This is not just my speculation. This has been tried, and has failed, in the past. When Congress imposed a similar windfall profit tax on the oil industry in 1980, domestic oil production decreased significantly and jobs were lost. It raised our dependence on foreign oil by 10 percent.

    On U.S. soil and off our coasts, we have significantly more oil than Venezuela's 80 billion barrel reserve, and our available natural gas reserves exceed that of Iraq, China, Yemen, Oman, Nigeria and Venezuela, combined.

    The American Energy Production Act of 2008 will leverage both traditional and renewable sources of energy that could add enough domestic production supply to satisfy U.S. energy demand for five years without foreign imports.

    The legislation would allow coastal states to petition the U.S. Department of Interior to lift drilling moratoria for offshore oil and gas leasing off the Atlantic and Pacific coasts. It would also grant U.S. oil companies access to the 10 billion barrels of available oil in (ANWR).
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    Jul 16, 2008 11:25 PM GMT
    Jockbod48 saidThe American Energy Production Act of 2008 will leverage both traditional and renewable sources of energy...


    In what proportion?
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    Jul 16, 2008 11:35 PM GMT
    The system is rigged from top to bottom. I mean come on...anyone who thinks that the most powerful men in the world (here and abroad) are simply going to let natural market forces dictate this is incredibly naive. Let me put it to you as simply as I can...Bush and Cheney are OIL INSIDERS, and are known LIARS. So you can toss all your economic ideas in the sh*tter.

    The problem is that most people don't want to admit that something they cannot easily control is manipulating them, so they sit in denial and make up economic theories to try and explain what is essentially a long-running trillion-dollar crime against humanity.

    Now get back to watching "Tila Tequila" or whatever it is that you do to numb the pain of this raping we are experiencing.

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    Jul 16, 2008 11:44 PM GMT
    XRuggerATX saidThe system is rigged from top to bottom. I mean come on...anyone who thinks that the most powerful men in the world (here and abroad) are simply going to let natural market forces dictate this is incredibly naive. Let me put it to you as simply as I can...Bush and Cheney are OIL INSIDERS, and are known LIARS. So you can toss all your economic ideas in the sh*tter.

    The problem is that most people don't want to admit that something they cannot easily control is manipulating them, so they sit in denial and make up economic theories to try and explain what is essentially a long-running trillion-dollar crime against humanity.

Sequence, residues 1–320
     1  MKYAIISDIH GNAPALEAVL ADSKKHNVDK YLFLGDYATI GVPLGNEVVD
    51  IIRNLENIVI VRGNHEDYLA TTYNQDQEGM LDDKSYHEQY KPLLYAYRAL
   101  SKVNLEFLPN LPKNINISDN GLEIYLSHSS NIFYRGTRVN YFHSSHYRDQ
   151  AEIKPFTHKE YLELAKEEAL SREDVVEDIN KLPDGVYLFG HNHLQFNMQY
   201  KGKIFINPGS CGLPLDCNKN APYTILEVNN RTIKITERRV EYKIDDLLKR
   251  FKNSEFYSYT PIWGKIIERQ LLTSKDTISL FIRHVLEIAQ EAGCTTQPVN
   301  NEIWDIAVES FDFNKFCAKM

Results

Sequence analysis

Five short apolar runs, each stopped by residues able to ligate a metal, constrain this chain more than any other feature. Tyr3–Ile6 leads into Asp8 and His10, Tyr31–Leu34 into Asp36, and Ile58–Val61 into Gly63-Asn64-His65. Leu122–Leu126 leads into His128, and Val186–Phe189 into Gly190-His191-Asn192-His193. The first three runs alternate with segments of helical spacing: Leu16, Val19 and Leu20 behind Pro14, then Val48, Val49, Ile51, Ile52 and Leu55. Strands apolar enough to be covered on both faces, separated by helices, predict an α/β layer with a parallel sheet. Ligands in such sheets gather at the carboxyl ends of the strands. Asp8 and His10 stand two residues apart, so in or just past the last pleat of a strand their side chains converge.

Amen, brother!
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    Jul 17, 2008 12:00 AM GMT
    It really pisses me off that we can spend millions to develop technology that allows us to put a man on the moon, dock with a foreign space station, put a robot on mars and circle a number of other planets in outer space, however we can't see to figure that there's a need to change our main mode of transportation from a combustion engine developed in the early 1900s that now requires us to be dependent upon another country.

    If we had started being serious about developing alternate sources of energy after the shortages in the 80s, we wouldn't be in this mess and we could tell them where they could shove those expensive barrels! But no, we're too worried about protecting automakers and oil refiners and all the greed that went with them. Now the automakers are suffering, maybe they'll think more about trying to develop something that the would actually help the American people and that didn't break down constantly! Again, simply MHO.
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    Jul 17, 2008 5:51 PM GMT
    eb925guy saidIt really pisses me off that we can spend millions to develop technology that allows us to put a man on the moon, dock with a foreign space station, put a robot on mars and circle a number of other planets in outer space, however we can't see to figure that there's a need to change our main mode of transportation from a combustion engine developed in the early 1900s that now requires us to be dependent upon another country.

    If we had started being serious about developing alternate sources of energy after the shortages in the 80s, we wouldn't be in this mess and we could tell them where they could shove those expensive barrels! But no, we're too worried about protecting automakers and oil refiners and all the greed that went with them. Now the automakers are suffering, maybe they'll think more about trying to develop something that the would actually help the American people and that didn't break down constantly! Again, simply MHO.


    Thank you for that.

    Consider the Segway. It only uses kinetic energy. Nothing to buy or burn. So what happens? A calculated campaign to smear it as a faggy, fancy-boy, tree-hugger mode of transport. In America, sometimes a heaping dose of good old fashioned playground name calling can kill anything (including the aspirations of intelligent presidential candidates, but that's another dozen threads). Anyway, with consumer products, it seems that one simple question trumps any sort of rational decision making: "Will it get me laid, or will it prevent me from getting laid?" Play to someone's sexual insecurities, and you've got one damned effective marketing campaign.

    ...but enough of that tangent.